Many of the talents that have come over the years have only participated in tournaments like the one hosted by Ufone, which was first hosted in 2016 and is now in its fourth edition. In its first edition, it faced the Pakistan Petroleum Limited Balochistan Cup which ran for three years until 2017.
At least these tournaments have shown more consistency than the PPFL. This season’s PPFL – staged after a hiatus of almost three years – was hosted by Ashfaq Shah’s squad, which means it has always been contested. The previous edition was held four years ago, just before the battle for control of the PFF began with a controversial election in 2015.
“This has caused great damage to our players… there was nothing to hope for for the players,” former secretary of the Balochistan Football Association, Haji Saeed Tikko, who is hosting the tournament, told Dawn. Ufone. “We have a tournament here where we have participation from all over the province and we can see new talent, but where are they going. “
During this tournament, Tikko organized talent hunts in all districts of Quetta. Previously this was done by the organizers of the PPL Cup and the Ufone Cup would only see clubs participating. “The club teams came out on top here because they existed while the district teams had players who had never played together. Despite this, we still saw promising talent in the neighborhoods.
As Tikko spoke, his gaze turned to the FIFA Goal project behind the Ayub Stadium. What could have left a lasting legacy and a pledge of the World Football Organization’s contribution to football-mad Balochistan stood in the dark. It was supposed to be a training center for emerging talent. Over the years it has only changed owners but has had no tenants – the players.
After CN’s appointment in September 2019, the group led by Haji Khalil, the rival group of Tikko’s led by Abdul Rauf Nautezai, were appointed goalkeeper of the Goal project. Members of Khalil’s group had been appointed to the provincial committee of Balochistan, but the change at the head of the NC, and its subsequent restructuring, meant that Nautezai and Tikko now had control. “The NC did nothing to really relaunch it”, regretted Tikko.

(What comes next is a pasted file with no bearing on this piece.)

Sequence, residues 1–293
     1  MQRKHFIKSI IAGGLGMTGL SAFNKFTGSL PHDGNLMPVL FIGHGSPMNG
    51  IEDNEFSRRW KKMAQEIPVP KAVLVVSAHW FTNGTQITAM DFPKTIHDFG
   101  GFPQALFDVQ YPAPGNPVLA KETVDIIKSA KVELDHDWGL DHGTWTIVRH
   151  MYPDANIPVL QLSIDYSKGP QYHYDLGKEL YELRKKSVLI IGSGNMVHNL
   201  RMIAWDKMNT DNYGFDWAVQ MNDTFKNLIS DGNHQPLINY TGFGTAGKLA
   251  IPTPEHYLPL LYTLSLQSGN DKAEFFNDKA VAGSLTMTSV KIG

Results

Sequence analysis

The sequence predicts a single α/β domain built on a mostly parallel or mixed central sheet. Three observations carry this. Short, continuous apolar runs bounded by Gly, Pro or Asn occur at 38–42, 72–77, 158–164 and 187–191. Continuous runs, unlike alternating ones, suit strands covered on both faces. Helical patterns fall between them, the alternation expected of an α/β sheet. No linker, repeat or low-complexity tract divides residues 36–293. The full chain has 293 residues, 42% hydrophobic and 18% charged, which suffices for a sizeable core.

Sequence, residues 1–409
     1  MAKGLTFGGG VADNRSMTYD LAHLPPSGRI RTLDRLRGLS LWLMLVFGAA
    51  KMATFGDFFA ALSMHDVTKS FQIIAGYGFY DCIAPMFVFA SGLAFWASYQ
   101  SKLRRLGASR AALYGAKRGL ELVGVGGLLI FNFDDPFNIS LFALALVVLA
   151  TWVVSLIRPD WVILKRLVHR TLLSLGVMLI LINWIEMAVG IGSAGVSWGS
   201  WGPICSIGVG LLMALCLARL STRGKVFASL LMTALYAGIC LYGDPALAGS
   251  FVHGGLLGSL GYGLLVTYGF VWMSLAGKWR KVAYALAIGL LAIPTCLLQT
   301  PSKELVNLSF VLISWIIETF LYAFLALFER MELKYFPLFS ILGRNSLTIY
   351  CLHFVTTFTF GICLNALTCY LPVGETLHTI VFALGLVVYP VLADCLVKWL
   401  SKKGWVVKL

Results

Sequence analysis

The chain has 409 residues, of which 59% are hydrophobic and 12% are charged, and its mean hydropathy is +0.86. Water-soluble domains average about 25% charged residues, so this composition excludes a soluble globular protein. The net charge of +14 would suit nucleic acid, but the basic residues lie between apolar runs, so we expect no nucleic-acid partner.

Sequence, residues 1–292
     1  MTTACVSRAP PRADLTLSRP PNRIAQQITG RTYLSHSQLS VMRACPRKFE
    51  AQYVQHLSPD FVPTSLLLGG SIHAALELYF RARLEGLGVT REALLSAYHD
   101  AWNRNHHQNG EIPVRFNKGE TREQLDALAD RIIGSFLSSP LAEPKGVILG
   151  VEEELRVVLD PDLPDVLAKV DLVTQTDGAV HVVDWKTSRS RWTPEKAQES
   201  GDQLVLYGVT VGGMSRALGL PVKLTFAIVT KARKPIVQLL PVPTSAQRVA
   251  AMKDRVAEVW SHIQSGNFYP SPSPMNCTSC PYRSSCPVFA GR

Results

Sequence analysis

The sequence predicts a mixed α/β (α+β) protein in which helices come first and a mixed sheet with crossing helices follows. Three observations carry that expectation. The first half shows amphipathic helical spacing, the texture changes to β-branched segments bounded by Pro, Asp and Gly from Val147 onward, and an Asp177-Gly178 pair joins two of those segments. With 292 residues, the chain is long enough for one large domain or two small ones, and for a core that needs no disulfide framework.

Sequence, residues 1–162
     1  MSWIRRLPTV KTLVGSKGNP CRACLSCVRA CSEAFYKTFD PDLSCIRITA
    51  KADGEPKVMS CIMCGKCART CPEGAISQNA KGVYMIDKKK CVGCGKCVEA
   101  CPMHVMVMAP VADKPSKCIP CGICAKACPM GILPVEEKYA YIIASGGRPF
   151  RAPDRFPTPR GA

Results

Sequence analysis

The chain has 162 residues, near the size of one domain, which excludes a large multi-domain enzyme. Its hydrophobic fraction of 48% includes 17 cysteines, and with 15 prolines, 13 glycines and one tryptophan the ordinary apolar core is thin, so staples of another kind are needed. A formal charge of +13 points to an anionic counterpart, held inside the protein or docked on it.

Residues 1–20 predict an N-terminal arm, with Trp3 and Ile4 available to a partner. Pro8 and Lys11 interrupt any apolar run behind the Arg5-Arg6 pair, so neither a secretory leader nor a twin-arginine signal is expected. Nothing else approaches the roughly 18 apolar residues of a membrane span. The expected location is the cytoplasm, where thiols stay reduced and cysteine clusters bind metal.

In the shadow of the Goal Project, Muslim FC lifted the trophy amid fireworks in the night sky of the illuminated Ayub Stadium after winning the final 2-0. Muslim FC had participated in the PPFL season which came to a screeching halt after the government sealed the PFF headquarters due to its three-year non-payment of its lease, which overthrew the PFF in Ashfaq.
They were in fifth place after 14 games played but realistically, faced with the challenge of the departments, they were not challengers for the title. In their own territory, in their own province, however, they are the kings. And their fans made sure to celebrate every moment.
The government has decided to start shutting down departmental sports by the start of next year and switch to a regional system instead. However, there doesn’t appear to be a roadmap for how clubs like Muslim FC and Baloch FC will feature there. Despite all their history and the fan culture they bring, they have to be in the system. For now and with the PFF’s entanglement dragging on, it looks like they’ll need to compete in tournaments like these to prove they’re the best team in a province where the passion for football has never no limits.
Posted in Dawn, le 26 November 2021